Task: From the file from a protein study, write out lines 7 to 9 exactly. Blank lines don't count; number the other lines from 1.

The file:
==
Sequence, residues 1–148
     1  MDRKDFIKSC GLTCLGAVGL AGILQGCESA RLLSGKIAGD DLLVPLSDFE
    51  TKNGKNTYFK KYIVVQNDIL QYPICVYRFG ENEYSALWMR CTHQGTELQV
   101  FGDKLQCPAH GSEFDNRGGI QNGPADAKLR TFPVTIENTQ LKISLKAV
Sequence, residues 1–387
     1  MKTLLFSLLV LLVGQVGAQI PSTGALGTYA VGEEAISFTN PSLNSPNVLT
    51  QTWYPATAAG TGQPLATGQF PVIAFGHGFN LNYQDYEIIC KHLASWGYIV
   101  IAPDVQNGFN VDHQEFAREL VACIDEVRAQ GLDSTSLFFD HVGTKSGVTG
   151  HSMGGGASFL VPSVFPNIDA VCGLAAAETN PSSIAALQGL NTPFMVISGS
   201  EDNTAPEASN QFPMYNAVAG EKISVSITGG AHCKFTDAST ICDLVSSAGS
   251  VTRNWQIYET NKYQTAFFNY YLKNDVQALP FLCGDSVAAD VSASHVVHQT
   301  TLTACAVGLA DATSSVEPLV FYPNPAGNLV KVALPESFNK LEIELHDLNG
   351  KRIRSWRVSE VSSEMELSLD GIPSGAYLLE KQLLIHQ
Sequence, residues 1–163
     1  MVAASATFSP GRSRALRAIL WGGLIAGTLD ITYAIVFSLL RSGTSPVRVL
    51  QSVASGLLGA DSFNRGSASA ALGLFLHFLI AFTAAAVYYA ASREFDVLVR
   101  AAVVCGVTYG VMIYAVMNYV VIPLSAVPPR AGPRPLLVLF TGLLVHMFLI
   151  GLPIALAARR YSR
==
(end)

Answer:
    51  QTWYPATAAG TGQPLATGQF PVIAFGHGFN LNYQDYEIIC KHLASWGYIV
   101  IAPDVQNGFN VDHQEFAREL VACIDEVRAQ GLDSTSLFFD HVGTKSGVTG
   151  HSMGGGASFL VPSVFPNIDA VCGLAAAETN PSSIAALQGL NTPFMVISGS